Sales tax revenue and hotel occupancy down

LAREDO, TX (KGNS) - The City of Laredo is getting a picture of how the pandemic is affecting important sources of revenue.

Local officials are preparing to move forward with the mindset that things will continue to decline.

The pandemic's impact on the community started in March. Now data is showing city officials how much bridge closures and the stay at home order is costing them.

In Wednesday's briefing, City Manager Robert Eads shared the latest sales tax numbers from the city, transit, and sports venue.

It shows a decrease of approximately seven percent, comparing March 2020 numbers to 2019.

"When we started looking at comparables within the state again, when we're looking at payments from 2020 to date, compared to 2019 payments to date, as we stretch it out for the entire year we're looking at still a positive on the sales tax, still a positive of .52 percent," said Eads. "Again, that's not going to carry us very far."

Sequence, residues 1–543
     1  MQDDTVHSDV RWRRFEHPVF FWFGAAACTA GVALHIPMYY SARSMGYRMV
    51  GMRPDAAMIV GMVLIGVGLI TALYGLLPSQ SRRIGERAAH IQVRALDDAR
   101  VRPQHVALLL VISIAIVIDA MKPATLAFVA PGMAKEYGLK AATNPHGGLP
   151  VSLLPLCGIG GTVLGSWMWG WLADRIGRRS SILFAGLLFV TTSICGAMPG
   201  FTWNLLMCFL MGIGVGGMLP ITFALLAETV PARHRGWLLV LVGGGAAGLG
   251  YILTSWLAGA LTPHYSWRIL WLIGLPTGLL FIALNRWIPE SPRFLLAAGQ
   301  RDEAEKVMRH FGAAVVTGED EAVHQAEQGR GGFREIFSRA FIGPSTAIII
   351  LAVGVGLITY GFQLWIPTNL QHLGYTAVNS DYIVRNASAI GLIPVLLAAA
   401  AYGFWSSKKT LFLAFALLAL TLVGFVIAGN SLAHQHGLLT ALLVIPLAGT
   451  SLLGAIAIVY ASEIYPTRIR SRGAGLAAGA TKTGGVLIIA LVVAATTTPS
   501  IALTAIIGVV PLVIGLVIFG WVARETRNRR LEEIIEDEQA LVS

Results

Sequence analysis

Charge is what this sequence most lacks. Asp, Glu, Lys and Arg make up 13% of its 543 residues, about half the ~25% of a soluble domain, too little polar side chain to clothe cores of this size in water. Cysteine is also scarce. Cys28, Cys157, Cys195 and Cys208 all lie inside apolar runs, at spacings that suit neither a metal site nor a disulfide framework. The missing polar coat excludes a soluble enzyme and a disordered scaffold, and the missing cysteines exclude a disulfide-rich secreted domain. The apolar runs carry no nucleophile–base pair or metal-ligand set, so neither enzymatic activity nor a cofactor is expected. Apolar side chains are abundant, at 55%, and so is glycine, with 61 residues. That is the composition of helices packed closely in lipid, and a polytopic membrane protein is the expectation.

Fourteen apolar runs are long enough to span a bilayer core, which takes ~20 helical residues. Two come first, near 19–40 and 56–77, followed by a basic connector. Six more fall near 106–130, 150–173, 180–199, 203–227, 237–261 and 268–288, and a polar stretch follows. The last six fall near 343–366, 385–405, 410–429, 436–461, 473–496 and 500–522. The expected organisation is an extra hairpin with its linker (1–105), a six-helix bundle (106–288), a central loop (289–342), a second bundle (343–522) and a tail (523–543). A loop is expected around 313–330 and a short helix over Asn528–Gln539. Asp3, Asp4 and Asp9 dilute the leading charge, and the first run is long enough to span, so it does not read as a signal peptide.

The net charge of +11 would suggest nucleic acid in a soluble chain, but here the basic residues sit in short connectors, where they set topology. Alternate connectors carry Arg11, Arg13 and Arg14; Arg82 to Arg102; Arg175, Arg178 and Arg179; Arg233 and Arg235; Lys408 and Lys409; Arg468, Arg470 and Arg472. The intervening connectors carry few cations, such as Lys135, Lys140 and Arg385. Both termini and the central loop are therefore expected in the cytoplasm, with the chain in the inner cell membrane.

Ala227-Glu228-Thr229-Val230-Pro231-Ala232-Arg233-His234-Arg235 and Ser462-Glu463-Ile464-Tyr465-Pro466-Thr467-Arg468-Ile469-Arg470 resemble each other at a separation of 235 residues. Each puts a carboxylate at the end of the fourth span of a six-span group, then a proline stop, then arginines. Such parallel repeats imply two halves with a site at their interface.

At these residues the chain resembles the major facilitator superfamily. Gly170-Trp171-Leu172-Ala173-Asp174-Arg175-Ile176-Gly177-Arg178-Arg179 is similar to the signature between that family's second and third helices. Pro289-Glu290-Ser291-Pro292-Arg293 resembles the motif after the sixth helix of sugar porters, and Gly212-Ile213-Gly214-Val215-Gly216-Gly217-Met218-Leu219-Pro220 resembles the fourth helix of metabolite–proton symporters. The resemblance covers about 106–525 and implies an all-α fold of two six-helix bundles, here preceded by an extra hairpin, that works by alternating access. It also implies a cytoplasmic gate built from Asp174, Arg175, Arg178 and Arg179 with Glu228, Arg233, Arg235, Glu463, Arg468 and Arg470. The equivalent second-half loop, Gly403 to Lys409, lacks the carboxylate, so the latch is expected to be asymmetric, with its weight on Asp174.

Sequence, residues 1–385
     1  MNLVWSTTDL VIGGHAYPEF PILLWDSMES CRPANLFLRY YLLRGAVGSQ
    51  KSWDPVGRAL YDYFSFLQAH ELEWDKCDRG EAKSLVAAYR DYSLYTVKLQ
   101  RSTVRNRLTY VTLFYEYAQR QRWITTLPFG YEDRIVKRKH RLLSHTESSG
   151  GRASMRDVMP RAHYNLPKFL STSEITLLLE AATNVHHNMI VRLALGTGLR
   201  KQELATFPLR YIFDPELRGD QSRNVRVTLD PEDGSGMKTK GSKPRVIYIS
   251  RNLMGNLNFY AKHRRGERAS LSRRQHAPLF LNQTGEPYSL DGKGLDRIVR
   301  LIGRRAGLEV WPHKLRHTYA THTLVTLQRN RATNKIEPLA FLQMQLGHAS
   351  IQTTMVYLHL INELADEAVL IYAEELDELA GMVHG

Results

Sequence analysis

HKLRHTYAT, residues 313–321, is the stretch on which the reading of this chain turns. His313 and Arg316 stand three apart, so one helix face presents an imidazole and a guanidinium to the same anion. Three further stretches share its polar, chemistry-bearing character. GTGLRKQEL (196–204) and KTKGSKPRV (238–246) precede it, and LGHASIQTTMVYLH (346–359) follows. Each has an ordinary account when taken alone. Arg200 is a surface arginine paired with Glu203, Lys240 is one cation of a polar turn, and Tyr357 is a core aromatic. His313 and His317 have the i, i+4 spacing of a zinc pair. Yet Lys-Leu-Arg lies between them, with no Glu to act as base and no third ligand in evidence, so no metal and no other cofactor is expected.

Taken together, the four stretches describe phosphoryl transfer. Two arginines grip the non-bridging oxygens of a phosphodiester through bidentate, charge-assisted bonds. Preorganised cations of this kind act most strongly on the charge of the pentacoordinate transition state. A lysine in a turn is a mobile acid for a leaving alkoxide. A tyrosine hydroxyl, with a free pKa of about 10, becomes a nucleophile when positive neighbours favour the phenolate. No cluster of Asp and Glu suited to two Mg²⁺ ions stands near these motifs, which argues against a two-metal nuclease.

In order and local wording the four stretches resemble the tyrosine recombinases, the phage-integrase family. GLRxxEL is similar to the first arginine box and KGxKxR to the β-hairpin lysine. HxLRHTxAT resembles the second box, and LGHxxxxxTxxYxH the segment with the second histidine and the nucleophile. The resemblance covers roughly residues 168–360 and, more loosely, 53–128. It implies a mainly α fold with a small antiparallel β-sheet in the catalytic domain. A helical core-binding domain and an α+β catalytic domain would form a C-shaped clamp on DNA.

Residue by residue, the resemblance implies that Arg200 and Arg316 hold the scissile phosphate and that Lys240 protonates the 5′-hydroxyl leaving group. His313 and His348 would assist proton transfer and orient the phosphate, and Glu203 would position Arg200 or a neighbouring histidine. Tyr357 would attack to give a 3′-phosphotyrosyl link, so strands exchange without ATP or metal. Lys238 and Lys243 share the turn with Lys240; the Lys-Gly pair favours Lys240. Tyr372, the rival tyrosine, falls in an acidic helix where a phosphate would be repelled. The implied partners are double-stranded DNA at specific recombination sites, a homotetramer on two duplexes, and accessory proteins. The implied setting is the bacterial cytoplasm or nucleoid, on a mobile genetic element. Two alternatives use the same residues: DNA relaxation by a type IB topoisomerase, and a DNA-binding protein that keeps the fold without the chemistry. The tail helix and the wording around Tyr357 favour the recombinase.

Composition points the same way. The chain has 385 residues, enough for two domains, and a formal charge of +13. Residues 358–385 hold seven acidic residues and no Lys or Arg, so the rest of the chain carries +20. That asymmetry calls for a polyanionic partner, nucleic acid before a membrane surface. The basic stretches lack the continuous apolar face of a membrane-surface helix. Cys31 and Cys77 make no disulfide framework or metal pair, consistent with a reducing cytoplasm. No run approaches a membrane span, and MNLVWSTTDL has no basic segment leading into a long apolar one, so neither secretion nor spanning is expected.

The city hotel occupancy numbers in April were down.

According to Convention and Visitors Bureau Director Aileen Ramos, the city usually averages at more than 70 percent.

"We were expecting a decline of numbers all the way to the low 30's or below 30. The reason is everything we've heard from state associations and hotels, and as he mentioned we're fortunate to have that component of trade here in our city that's kept us slightly above that number, which is 42 percent."

Hotel rates are hovering in the high $60 price range.

Eads says compared to other cities across the state, we're doing well for hotel occupancy because of trade.

"Corpus Christi went from the same time last year of about 77 percent occupancy, this past month in April they went down to 30 percent, South Padre Island 64 percent, 2019 rate, down to 22 percent, Brownsville from 68 percent to 41 percent, McAllen from 71 percent occupancy to 25 percent."

According to Eads, they expect to continue seeing a decline in the next report for the month of April.

The announcement of continued bridge closures remains a concern for the city since tourism drives sales tax and hotel occupancy.